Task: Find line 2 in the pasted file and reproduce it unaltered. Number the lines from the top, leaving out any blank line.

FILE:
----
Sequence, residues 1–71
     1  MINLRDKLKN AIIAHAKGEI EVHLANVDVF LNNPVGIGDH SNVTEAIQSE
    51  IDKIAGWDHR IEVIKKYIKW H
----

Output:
     1  MINLRDKLKN AIIAHAKGEI EVHLANVDVF LNNPVGIGDH SNVTEAIQSE